2011, Seedpod Publishing
|C4 Ratings...out of||10|
Here’s a pretty good set up for a short story: Wicker, a down-on-his-luck hitchhiker trying to get to Vegas, scores a ride from Edna, a senile retired school teacher looking for the Pacific Ocean. There’s plenty of comic potential in the contrast of characters, but more than that there’s an opportunity to explore the strange ways that people use one another, taking turns lending direction and meaning to each other’s lives, helping and being helped, exploiting and being exploited.
Scattershot is what happens when you stretch that premise into a rambling novel by adding an irrelevant subplot about Edna’s unhappy son, Andrew, and refusing to see her senility as little more than a punch line. She bumbles along, always certain that she’s doing just what she means to be doing, never doubting, never angry, never afraid, ready to follow Wicker wherever he thinks they should go. The problem is, once he loses his bankroll in Vegas, Wicker is just as aimless as she is.
After that, all the aptly named Scattershot has to offer is the impulsive leading the senile with the sad tagging along.
Don’t get me wrong: Scattershot doesn’t have much to offer before the story gets to Las Vegas either. Wicker has a few misadventures hitchhiking. Edna goes shopping. Andrew commutes in rush hour traffic. Nothing significant happens. It’s just that until that point, at least one of the main characters has a singular drive that gives the novel a sense of semi-coherence: Wicker needs to win some money to buy his few earthly possessions out of hock, including a wooden box holding his mother’s ashes.
It might almost be enough to make Wicker likable, or at least pitiable, if he ever actually seemed to care about his stuff, not to mention his mother’s remains. Instead, Wicker wins the money he needs, then loses it, then arranges to borrow it from Edna, then finally has a chance to make some money of his own, and (spoiler alert) he still never follows through on the plan to buy back his belongings. It turns out his stuff is just important enough to get him to go to Vegas to do some gambling; after that, he makes a few phone calls and forgets the whole thing.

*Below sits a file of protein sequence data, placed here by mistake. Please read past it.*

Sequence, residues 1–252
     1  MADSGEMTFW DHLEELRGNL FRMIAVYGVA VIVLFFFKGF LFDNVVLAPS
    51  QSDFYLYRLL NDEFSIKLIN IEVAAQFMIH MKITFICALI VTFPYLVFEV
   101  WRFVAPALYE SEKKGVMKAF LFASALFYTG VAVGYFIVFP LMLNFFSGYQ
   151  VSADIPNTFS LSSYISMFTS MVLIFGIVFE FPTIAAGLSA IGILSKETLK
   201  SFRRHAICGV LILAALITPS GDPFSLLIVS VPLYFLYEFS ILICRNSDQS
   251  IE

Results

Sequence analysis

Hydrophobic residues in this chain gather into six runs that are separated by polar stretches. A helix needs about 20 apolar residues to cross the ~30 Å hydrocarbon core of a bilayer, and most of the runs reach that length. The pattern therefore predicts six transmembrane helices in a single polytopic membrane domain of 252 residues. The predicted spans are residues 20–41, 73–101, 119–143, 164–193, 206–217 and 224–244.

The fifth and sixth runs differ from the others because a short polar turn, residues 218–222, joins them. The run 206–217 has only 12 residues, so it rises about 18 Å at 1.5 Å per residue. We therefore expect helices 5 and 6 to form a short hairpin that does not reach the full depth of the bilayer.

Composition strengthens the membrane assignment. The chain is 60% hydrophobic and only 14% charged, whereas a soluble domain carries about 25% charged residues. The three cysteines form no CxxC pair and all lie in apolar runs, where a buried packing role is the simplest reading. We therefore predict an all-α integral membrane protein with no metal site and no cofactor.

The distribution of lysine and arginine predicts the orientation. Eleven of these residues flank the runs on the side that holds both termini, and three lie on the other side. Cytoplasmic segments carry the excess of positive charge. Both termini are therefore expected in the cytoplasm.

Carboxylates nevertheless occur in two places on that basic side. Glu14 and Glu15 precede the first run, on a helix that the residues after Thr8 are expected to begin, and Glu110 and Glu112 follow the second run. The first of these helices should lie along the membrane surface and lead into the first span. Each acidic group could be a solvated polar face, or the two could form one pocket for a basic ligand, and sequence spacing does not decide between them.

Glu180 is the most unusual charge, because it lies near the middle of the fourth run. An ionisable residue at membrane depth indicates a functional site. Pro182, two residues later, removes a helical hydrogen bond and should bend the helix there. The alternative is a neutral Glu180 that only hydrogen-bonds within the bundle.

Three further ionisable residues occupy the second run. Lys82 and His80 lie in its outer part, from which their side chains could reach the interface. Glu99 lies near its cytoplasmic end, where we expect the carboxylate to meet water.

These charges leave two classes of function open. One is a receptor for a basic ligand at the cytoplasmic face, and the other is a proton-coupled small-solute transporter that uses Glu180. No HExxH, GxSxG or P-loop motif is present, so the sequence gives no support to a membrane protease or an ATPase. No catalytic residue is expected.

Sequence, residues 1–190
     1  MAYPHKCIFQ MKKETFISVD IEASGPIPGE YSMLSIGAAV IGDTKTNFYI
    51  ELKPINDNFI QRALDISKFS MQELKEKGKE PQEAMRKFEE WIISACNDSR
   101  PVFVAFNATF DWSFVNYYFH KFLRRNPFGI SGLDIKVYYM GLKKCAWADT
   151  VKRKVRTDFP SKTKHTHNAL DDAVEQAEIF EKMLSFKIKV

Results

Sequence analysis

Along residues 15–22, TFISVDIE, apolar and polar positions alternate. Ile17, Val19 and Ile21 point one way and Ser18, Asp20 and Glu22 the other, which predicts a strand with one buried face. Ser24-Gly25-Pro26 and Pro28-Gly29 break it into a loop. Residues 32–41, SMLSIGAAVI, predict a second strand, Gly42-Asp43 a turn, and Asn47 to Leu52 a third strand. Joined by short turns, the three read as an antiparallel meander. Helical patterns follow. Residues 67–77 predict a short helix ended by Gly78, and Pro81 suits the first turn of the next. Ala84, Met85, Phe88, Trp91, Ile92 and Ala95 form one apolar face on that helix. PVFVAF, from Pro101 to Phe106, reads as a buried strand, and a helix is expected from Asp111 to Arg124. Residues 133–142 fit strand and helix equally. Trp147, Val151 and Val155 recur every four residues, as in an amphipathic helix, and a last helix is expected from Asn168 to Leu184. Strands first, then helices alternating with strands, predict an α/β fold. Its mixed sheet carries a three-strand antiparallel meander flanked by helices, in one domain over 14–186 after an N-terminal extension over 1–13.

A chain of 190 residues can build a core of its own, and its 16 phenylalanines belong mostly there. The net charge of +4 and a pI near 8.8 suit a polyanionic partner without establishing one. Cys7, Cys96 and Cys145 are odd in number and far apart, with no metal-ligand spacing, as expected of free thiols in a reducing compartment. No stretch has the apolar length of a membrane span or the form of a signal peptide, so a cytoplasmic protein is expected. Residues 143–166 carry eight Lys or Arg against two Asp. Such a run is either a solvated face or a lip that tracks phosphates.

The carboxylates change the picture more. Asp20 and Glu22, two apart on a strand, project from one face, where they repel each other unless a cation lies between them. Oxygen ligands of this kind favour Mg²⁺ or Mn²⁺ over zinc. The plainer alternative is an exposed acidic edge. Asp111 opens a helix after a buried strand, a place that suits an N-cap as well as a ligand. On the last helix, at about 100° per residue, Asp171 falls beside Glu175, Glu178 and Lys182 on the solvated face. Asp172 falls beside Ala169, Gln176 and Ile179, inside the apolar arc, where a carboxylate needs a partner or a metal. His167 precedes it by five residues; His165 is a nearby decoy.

So Edna doesn’t really care where she goes, and Wicker stops caring halfway through. What about Andrew? He seems intent on finding his mother, but that doesn’t stop him from taking time out from the search to ruin his marriage and cruise the strip in a rented Mustang convertible, sad and angry. He also contacts the police and hires a private detective, though nothing ever happens as a result of either, and Andrew’s too distracted with his marital problems to worry about whether or not the authorities are doing their job.
I might have been less frustrated by this book if I didn’t think there was a good idea buried somewhere beneath all the extraneous plot elements. When Edna first picked up Wicker, I felt a glimmer of hope. I saw how different they were and how desperate, and I thought maybe this could work. I still think it could, but as a 10-20 page short story. Right now, Scattershot is a 260 page collection of characters without motivation and incidents without plot. The closest the novel comes to a saving grace is the writing, which isn’t good but inoffensive; it never impresses but rarely grates the nerves either. Until Goodwin and his editors decide to take a chainsaw to the manuscript, and then run it through a dozen more rewrites, you can definitely pass on this one.
[A review was requested and a review copy provided.]